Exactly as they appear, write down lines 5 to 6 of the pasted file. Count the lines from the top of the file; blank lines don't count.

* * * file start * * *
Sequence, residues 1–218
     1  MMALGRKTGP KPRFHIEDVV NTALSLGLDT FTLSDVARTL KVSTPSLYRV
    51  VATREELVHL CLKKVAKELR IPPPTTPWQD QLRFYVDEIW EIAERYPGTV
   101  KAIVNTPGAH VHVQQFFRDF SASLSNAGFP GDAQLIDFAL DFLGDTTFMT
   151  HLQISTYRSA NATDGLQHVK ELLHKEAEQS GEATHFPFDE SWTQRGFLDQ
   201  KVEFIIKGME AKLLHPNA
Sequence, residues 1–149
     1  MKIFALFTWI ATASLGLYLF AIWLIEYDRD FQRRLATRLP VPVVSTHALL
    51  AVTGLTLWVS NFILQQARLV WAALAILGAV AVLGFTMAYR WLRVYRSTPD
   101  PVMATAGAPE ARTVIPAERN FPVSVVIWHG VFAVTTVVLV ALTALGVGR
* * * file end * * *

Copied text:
   151  HLQISTYRSA NATDGLQHVK ELLHKEAEQS GEATHFPFDE SWTQRGFLDQ
   201  KVEFIIKGME AKLLHPNA